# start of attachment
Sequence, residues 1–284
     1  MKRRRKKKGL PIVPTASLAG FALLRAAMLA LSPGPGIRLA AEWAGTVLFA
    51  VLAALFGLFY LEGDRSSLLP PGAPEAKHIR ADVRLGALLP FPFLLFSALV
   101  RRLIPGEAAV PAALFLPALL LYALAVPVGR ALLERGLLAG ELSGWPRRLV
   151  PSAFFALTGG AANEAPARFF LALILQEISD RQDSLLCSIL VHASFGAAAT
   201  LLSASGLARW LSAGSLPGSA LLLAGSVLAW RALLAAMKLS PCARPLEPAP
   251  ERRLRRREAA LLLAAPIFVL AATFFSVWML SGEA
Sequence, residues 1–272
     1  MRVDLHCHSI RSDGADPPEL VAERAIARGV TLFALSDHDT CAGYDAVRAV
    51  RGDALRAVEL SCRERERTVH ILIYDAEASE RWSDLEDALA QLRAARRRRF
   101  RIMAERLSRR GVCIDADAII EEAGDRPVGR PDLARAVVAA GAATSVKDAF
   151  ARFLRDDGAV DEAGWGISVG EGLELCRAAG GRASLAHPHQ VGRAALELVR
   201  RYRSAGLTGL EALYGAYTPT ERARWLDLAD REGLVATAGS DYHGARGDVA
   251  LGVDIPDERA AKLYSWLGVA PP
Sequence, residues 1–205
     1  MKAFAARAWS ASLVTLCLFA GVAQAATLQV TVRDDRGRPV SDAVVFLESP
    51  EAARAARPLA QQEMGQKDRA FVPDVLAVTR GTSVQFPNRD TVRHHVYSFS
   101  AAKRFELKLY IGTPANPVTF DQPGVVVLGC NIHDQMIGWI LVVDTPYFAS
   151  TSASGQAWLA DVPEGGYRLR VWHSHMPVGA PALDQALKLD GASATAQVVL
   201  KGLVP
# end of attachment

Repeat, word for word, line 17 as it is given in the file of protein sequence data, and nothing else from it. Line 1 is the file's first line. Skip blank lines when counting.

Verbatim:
    51  EAARAARPLA QQEMGQKDRA FVPDVLAVTR GTSVQFPNRD TVRHHVYSFS